Drought reduces floral resources for pollinators
Global Change Biology
Wiley Open Access
© 2018. The Authors. This is an open access article under the terms of the Creative Commons Attribution License (http://creativecommons.org/licenses/by/4.0/), which permits use, distribution and reproduction in any medium, provided the original work is properly cited.
Climate change is predicted to result in increased occurrence and intensity of drought in many regions worldwide. By increasing plant physiological stress, drought is likely to affect the floral resources (flowers, nectar and pollen) that are available to pollinators. However, little is known about impacts of drought at the community level, nor whether plant community functional composition influences these impacts. To address these knowledge gaps, we investigated the impacts of drought on floral resources in calcareous grassland. Drought was simulated using rain shelters and the impacts were explored at multiple scales and on four different experimental plant communities varying in functional trait composition. First, we investigated the effects of drought on nectar production of three common wildflower species (Lathyrus pratensis, Onobrychis viciifolia and Prunella vulgaris). In the drought treatment, L. pratensis and P. vulgaris had a lower proportion of flowers containing nectar and O. viciifolia had fewer flowers per raceme. Second, we measured the effects of drought on the diversity and abundance of floral resources across plant communities. Drought reduced the abundance of floral units for all plant communities, irrespective of functional composition, and reduced floral species richness for two of the communities. Functional diversity did not confer greater resistance to drought in terms of maintaining floral resources, probably because the effects of drought were ubiquitous across component plant communities. The findings indicate that drought has a substantial impact on the availability of floral resources in calcareous grassland, which will have consequences for pollinator behaviour and populations.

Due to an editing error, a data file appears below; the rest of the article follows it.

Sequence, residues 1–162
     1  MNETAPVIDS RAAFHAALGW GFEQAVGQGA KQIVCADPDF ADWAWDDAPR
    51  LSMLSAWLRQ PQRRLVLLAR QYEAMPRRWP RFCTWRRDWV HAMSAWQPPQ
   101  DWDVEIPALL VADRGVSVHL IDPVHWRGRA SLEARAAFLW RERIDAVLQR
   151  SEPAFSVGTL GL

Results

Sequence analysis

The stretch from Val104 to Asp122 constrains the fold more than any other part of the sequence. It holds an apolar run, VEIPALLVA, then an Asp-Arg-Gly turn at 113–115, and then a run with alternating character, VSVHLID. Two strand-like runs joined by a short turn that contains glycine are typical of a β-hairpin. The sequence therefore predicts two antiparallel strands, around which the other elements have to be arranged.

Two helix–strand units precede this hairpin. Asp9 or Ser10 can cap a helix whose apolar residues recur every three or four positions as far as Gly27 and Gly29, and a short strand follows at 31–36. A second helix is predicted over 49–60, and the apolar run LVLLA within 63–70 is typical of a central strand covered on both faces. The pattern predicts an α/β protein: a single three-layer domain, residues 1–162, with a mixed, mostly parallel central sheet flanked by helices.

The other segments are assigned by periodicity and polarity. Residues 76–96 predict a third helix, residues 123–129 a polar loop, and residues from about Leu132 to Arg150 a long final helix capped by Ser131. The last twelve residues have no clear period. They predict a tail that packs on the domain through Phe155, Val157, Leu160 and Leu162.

We would like to thank Nigel Follett for use of the site, and Victoria Mallott, Rachel McDonald and Joanna Savage for assistance with fieldwork. BP would like to thank The Access & Achievement Foundation and the Haberdashers’ Educational Foundation for personal financial support. An earlier draft was greatly improved by comments from two anonymous reviewers. This study was part of the Wessex Biodiversity and Ecosystem Service Sustainability (BESS) project, funded under the BESS programme, and supported by the Natural Environment Research Council (Wessex BESS, ref. NE/J014680/1).
This is the author accepted manuscript. The final version is available from Wiley via the DOI in this record.
Published online 13 April 2018.